New Crypto FASB Rule Is a Commonsense Fix for a Lasting Problem

The rules for cryptocurrency regulation are often unclear and lack certainty for many businesses interested in the space. However, in October, the Financial Accounting Standards Board (FASB) made a pivotal decision to allow fair-value accounting of certain crypto assets such as Bitcoin (BTC) or Ethereum (ETH). This new standard allows organizations to track losses and gains immediately. Under the earlier rules, these digital assets were treated as indefinite-lived intangible assets which included line items such as goodwill or trademarks or domain names

Furthermore, these assets are only reviewed periodically throughout the year. If the value of the asset drops below the purchase price, organizations have to write it down. However, if the value increases, then companies can only recognize the gain when the asset is sold. This makes sense for assets like trademarks and copyrights, which usually aren’t traded in a liquid market. But with billions of dollars in crypto assets being traded daily, there’s clearly a difference between other intangible assets and cryptocurrencies like BTC and ETH. Companies will now be able to add exposure to BTC and ETH without creating administrative or balance sheet headaches. BTC and ETH are much more ubiquitous and transparent than some other crypto assets and their market capitalizations prove it. It is readily apparent that they deserve to come out of the shadows and enter the mainstream of corporate finance.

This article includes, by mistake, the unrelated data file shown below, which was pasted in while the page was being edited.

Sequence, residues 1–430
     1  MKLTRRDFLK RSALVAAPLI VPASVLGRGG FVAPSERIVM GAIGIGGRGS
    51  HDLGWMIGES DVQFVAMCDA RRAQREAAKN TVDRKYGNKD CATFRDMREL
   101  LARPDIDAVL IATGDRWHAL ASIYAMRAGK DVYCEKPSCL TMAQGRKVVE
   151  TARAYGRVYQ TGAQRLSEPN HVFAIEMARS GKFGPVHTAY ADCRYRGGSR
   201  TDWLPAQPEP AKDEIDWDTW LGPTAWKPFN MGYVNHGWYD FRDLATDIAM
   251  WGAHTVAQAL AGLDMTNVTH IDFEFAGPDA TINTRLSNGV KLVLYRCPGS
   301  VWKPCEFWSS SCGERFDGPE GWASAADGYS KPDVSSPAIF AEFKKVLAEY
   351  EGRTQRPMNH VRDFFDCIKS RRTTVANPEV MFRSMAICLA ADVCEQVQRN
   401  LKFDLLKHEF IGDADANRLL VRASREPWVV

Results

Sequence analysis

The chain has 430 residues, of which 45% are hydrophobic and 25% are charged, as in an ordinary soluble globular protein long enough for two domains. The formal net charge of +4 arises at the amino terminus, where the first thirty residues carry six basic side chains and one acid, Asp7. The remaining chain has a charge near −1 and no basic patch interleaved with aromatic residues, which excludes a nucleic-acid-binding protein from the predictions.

With well over 50 crypto-focused legislative proposals pending in the 117th Congress, and with regulators signaling their interest in new rulings on the subject, it’s obvious that the next term will continue the discussion about this nascent industry. Whether the legislative debate centers on a comprehensive bill like the bipartisan proposal from Sens. Cynthia Lummis (R-WY) and Kirsten Gillibrand (D-NY), the Responsible Financial Innovation Act (S. 4356), or a more narrowly tailored fix like the Securities Clarity Act (H.R. 4451), it is clear that an even handed approach that includes crypto innovators’ input will be key for encouraging the growth and stability of the industry. 

FASB’s new fair-value accounting rule will allow the recognition of losses and gains immediately, and these crypto assets will be treated as financial assets. This may encourage companies to diversify their corporate treasuries into holding a risk-appropriate amount of BTC or ETH. While FASB is a private organization, hopefully Congress and executive branch regulators will also proceed in a commonsense and reasonable approach as they consider further action on crypto.